OurTallahassee launches project to bring a new progressive voice to Tallahassee’s media landscape.
As we transition from our soft launch, we wanted to take a second to introduce ourselves.
I’m Bob Lotane, the publisher of OurTallahassee. For some time now, we’ve been talking to friends and colleagues about the need for a new media outlet in Tallahassee, focusing the reporting on everyday people, on local government and the politics that affect us all. Against our better judgment, we decided to take the leap of faith and do it ourselves.
Over the past year, I’ve worked with New York Times bestselling author Jeff VanderMeer, and uber-effective public strategy consultant Max Herrle to build Our Tallahassee. Both are major contributors to the project and have had to endure me at my best and at my worst through what has been an inspiring, stressful, and illuminating experience to build Our Tallahassee.com. While the three of us don’t agree on every issue, what we have in common is a vision for a local government that is led by the people, not by special interests, and a hope that, together, we can inform our neighbors, and work toward a better, more transparent local government.
As we grow, we’re looking for all the help we can get with this exciting new project, and we encourage you to visit our new about page to learn more about opportunities to get more involved.
Going forward, we may look for donor funding, might even run a few ads, assuming they don’t run counter to our purpose. But, so far, we are primarily self-funded and/or doing all of this on our own time.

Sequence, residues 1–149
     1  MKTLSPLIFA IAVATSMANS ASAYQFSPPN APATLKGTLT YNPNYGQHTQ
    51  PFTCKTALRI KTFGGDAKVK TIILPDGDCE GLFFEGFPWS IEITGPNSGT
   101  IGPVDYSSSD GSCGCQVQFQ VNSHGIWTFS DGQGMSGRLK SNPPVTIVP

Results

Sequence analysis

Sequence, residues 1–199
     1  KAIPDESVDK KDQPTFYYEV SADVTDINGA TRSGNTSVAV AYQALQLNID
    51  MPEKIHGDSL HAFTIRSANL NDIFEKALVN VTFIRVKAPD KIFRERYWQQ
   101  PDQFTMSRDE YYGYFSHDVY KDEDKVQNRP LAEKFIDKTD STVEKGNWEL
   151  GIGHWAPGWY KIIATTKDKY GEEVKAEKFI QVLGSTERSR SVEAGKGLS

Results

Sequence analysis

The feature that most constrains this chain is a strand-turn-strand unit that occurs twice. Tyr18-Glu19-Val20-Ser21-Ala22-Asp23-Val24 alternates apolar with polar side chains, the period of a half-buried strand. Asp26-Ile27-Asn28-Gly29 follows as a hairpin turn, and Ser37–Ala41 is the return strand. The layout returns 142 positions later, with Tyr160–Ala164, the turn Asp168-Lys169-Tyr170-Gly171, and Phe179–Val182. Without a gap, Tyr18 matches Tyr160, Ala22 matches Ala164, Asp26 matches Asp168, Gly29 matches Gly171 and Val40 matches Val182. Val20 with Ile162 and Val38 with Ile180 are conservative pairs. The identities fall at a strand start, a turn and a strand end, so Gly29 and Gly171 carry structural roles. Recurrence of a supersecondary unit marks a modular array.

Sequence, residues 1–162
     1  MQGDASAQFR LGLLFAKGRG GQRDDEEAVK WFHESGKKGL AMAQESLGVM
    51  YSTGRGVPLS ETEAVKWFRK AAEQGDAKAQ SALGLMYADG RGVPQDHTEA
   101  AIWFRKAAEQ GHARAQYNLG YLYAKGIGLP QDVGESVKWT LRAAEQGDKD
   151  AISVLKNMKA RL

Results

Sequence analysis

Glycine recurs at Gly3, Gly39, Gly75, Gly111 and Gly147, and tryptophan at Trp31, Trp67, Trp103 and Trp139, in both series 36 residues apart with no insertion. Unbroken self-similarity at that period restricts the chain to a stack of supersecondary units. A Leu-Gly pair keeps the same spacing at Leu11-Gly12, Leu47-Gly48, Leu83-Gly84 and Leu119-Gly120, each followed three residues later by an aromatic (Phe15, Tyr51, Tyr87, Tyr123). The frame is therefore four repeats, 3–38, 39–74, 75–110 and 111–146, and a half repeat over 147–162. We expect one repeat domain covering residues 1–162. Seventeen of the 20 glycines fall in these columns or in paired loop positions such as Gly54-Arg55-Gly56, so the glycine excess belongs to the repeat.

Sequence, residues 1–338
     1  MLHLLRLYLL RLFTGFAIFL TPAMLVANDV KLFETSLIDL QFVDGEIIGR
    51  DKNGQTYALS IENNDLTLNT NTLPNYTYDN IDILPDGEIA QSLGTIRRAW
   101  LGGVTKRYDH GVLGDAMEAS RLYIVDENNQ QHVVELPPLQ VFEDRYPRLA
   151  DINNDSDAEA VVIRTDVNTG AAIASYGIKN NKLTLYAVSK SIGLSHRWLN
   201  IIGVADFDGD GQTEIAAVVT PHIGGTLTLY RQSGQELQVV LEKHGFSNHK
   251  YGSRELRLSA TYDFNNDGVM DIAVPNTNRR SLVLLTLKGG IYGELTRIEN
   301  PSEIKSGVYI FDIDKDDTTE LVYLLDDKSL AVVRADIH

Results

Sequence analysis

Our Tallahassee aims to provide today’s news and analysis on government, politics, justice, and events in Tallahassee and in the North Florida region.
Our city is covered by a number of outlets, including newspaper, radio, TV, and internet. But in these days of media conglomerations and skin-tight news budgets, we know there is room for another voice. Traditional media is under financial assault. To effectively cover government, citizen journalism will have to step up and help fill the gaps.
One undeniable change has taken place in the political zeitgeist of the city: No longer is it certain that the establishment candidate with the most money is almost guaranteed to win.
Elections are more competitive, and we think that’s a good thing.
We’ve already been called troublemakers, and even “a Northern Carpetbagger” by members of the Tallahassee old guard horrified that we are exercising our First Amendment rights. We assume they’re just getting warmed up.
So are we.
We hope you’ll join us.